On Monday, 12 August 2019 at 22:48:43 UTC, Bert wrote:

Making a field static is effectively a global variable to theclass.I have a recursive class structure(think of a graph or tree)and I need to keep a global state for it, but this stateactually needs to be different for each tree object. The reasonfor this is that structurally it will not change per tree andif it it is not static then it wastes space unnecessarily.class X { X[] x; static State s; }making s non-static has the problem that every X will allocatestorage for s wasting space since for any instance chain of X'sthey will all have the same s. Making it static though thenmakes it the same for all instance chain's of X, of which itshould be local to each.One way around this is to use an dictionary that associateseach state to each instance chain.That is there is a initial X that is the parent of the chainand we can then associate a state to it's address, any otherchain will have a different initial X and so we can get a newstate.class X { X[] x; static State[X] s; }This is not a huge difficulty to do but does require findingthe initial X to use, which is not difficult but wastes cyclesfor large chains. There will, of course, be a constructor thatconstructs a chain and creates a new state for it and updates s.Is there any way to do this more naturally in D?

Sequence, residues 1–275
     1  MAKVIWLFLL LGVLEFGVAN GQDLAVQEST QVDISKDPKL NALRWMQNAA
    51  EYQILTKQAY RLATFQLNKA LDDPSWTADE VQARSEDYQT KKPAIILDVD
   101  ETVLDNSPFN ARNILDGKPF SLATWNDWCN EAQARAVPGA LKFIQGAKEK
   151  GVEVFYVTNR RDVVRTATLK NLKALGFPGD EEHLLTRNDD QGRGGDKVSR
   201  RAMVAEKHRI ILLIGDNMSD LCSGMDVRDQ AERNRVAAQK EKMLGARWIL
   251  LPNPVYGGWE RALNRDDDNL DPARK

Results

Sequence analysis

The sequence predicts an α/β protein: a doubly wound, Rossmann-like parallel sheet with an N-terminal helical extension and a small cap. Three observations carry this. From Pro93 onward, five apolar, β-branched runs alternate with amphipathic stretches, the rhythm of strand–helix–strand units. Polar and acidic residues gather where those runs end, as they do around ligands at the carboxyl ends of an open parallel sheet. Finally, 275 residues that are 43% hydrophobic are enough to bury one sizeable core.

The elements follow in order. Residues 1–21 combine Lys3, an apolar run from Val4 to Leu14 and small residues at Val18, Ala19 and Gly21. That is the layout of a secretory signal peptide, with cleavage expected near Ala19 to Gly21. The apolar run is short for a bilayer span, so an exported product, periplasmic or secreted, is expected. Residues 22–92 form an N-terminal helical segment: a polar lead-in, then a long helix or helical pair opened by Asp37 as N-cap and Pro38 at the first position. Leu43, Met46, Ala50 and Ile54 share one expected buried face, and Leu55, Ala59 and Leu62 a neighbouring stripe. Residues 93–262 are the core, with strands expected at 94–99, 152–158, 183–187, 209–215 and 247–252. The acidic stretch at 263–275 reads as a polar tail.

`First: Are you low on memory? Is traversing the tree actually`

`slow? Since you don't know which of these issues to prioritize,`

`in all likelihood the answer to both questions is no, and you`

`should use the solution that's easier to read.`

`Of course, that's not the answer you want to hear. Let's consider`

`the alternatives:`

`1) Embed it in each node. Costs 1 pointer's worth of memory per`

`node. Very fast. Very easy to understand.`

`2) Use a dictionary with entries for each node. Costs more than 1`

`pointer's worth of memory per node. Fast, but not quite as fast`

`as 1). 1) is almost definitely a better option.`

`3) Use a dictionary with entries for each root node. Costs more`

`than 1 pointer's worth of memory, but per tree instead of per`

`node. Requires traversal of the tree to find the root, so slower`

`than both 1) and 2), especially for deep hierarchies. Complicated`

`code.`

`4) Use a derived class for the root node (class RootX : X { State`

`s }). Still requires traversing the tree to find the root, likely`

`via a virtual method. Also requires a bit more work setting up`

`the tree. Might be faster than 3), definitely smallest memory`

`footprint. Relatively easy to follow.`

`There may be other options, but from the above I'd go with either`

`1) or 4).`

`Now, I've noticed that X doesn't have a pointer to its parent, so`

`traversing the tree to find the root is currently impossible. If`

`this is true, and you have no other use for traversing up the`

`tree, then 1) is the way to go, as 2) is almost never a better`

`option, and 3) and 4) requires adding a parent pointer so you'll`

`pay the memory price anyway.`

-- Simen